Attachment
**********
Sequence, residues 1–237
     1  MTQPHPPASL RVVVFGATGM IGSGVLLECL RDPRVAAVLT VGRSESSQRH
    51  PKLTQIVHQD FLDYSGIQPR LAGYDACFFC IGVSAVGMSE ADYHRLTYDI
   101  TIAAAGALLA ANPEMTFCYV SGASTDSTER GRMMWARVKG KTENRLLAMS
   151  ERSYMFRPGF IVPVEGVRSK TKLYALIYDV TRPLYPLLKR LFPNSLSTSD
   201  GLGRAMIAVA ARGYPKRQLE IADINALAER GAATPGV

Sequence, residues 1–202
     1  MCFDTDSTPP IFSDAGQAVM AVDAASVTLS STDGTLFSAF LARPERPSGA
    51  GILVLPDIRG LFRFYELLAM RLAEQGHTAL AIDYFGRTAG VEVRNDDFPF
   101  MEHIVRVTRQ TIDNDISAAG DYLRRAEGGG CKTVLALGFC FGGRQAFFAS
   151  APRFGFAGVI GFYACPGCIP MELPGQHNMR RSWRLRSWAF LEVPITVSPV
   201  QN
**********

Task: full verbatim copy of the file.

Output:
Sequence, residues 1–237
     1  MTQPHPPASL RVVVFGATGM IGSGVLLECL RDPRVAAVLT VGRSESSQRH
    51  PKLTQIVHQD FLDYSGIQPR LAGYDACFFC IGVSAVGMSE ADYHRLTYDI
   101  TIAAAGALLA ANPEMTFCYV SGASTDSTER GRMMWARVKG KTENRLLAMS
   151  ERSYMFRPGF IVPVEGVRSK TKLYALIYDV TRPLYPLLKR LFPNSLSTSD
   201  GLGRAMIAVA ARGYPKRQLE IADINALAER GAATPGV

Sequence, residues 1–202
     1  MCFDTDSTPP IFSDAGQAVM AVDAASVTLS STDGTLFSAF LARPERPSGA
    51  GILVLPDIRG LFRFYELLAM RLAEQGHTAL AIDYFGRTAG VEVRNDDFPF
   101  MEHIVRVTRQ TIDNDISAAG DYLRRAEGGG CKTVLALGFC FGGRQAFFAS
   151  APRFGFAGVI GFYACPGCIP MELPGQHNMR RSWRLRSWAF LEVPITVSPV
   201  QN